A vulnerability in the way Windows handles animated cursors puts users at risk. Several nefarious websites are already trying to exploit the flaw, according to the SANS Internet Storm Center.
The flaw is present on virtually the entire line of Windows OSes, including Vista, which has been held up as Redmond’s poster child for safe computing. According to McAfee, Windows users browsing malicious sites using Internet Explorer versions 6 or 7 risk having arbitrary code run on their machines. Those using Firefox are not vulnerable. Microsoft said in an advisory that those using IE 7 on Vista are safe from the vulnerability because of a protected mode, which restricts where the browser can write files.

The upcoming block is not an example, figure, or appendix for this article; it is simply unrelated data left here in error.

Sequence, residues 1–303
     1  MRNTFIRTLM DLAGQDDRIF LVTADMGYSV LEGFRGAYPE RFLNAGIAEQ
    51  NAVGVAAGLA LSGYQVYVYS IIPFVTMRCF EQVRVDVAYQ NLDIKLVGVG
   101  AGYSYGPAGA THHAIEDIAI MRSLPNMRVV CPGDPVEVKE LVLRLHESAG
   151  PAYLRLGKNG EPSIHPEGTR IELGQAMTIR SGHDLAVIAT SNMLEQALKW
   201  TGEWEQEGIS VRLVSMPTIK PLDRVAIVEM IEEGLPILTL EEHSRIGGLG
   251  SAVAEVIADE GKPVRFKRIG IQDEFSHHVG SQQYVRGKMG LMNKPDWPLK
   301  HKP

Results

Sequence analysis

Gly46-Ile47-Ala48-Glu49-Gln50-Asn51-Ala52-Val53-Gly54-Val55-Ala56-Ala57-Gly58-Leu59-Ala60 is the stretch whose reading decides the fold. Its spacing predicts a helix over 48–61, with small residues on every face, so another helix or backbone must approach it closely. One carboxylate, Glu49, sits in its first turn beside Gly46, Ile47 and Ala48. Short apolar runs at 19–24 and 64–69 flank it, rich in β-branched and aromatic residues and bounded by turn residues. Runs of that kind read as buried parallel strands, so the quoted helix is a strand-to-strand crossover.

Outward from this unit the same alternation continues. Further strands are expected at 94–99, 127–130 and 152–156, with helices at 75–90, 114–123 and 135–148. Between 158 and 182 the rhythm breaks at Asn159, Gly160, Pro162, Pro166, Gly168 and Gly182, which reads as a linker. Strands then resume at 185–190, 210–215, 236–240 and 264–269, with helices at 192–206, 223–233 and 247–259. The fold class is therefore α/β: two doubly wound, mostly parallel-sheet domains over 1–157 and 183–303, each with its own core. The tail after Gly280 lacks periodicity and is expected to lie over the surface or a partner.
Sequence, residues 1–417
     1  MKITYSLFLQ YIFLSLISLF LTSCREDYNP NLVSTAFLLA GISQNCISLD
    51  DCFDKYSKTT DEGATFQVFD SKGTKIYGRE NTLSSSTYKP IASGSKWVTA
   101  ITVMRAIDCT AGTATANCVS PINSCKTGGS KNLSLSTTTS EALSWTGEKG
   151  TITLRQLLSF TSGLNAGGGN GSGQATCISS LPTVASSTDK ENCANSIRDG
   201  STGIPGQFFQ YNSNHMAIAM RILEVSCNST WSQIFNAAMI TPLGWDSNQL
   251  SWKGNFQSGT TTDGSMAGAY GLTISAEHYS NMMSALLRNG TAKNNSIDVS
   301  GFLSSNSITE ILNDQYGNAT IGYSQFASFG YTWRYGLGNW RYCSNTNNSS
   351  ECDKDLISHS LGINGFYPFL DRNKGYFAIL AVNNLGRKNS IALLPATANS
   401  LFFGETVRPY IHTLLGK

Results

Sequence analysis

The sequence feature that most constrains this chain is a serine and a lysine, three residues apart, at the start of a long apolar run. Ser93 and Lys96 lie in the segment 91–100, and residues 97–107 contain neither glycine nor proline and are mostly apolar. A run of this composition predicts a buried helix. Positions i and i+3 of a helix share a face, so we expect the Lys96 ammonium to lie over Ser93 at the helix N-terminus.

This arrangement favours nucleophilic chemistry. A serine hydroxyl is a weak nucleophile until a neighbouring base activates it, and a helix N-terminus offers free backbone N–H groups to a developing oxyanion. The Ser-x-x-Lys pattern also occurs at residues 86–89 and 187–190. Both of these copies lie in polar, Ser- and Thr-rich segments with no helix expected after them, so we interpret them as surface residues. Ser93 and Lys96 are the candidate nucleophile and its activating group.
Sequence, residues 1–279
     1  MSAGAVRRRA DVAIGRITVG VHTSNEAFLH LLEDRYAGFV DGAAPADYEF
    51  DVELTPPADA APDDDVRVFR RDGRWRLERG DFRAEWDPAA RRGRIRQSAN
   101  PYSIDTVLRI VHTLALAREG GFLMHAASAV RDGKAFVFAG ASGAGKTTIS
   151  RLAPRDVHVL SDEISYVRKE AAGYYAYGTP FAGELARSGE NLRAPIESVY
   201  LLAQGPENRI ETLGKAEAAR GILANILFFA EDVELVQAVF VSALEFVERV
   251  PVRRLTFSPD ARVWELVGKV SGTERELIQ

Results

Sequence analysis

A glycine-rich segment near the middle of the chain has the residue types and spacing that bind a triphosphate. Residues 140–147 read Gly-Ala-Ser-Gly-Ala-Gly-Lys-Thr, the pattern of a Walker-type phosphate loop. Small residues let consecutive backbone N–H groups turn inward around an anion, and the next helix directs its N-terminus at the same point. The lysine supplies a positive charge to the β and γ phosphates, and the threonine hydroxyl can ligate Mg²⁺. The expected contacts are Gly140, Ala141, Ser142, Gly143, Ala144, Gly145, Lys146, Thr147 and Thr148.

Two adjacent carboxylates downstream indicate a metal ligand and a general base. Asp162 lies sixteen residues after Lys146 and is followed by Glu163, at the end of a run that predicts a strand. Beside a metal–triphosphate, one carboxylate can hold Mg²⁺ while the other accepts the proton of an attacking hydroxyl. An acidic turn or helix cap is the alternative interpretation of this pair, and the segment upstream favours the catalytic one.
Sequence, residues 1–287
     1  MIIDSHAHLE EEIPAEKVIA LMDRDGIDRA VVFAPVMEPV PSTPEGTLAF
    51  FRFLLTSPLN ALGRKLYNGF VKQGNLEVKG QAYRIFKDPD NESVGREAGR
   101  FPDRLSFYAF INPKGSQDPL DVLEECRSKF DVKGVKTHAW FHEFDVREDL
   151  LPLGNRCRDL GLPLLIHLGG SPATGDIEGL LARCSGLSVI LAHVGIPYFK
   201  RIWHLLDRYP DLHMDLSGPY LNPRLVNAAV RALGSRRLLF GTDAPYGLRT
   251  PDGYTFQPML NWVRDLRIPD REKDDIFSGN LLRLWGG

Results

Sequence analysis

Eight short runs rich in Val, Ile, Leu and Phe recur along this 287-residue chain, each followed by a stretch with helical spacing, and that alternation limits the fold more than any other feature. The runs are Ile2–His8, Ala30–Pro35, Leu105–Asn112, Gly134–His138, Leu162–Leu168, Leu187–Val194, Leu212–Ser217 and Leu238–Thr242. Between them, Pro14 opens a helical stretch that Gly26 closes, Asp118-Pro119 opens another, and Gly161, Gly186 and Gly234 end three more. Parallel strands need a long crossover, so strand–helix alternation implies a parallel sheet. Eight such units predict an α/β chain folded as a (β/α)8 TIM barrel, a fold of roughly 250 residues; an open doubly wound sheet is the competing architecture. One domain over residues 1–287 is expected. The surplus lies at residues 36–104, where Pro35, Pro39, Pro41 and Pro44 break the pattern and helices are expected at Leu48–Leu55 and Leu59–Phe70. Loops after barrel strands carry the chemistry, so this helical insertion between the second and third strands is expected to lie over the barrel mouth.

“Upon viewing a web page, previewing or reading a specially crafted message, or opening a specially crafted email attachment the attacker could cause the affected system to execute code,” Microsoft warns. Files that can exploit the vulnerability are not limited to those with the .ani extension that come with most programs that animate the cursor on Windows machines. Some exploits in the wild are reported to be embedded in jpeg files, SANS says in an advisory.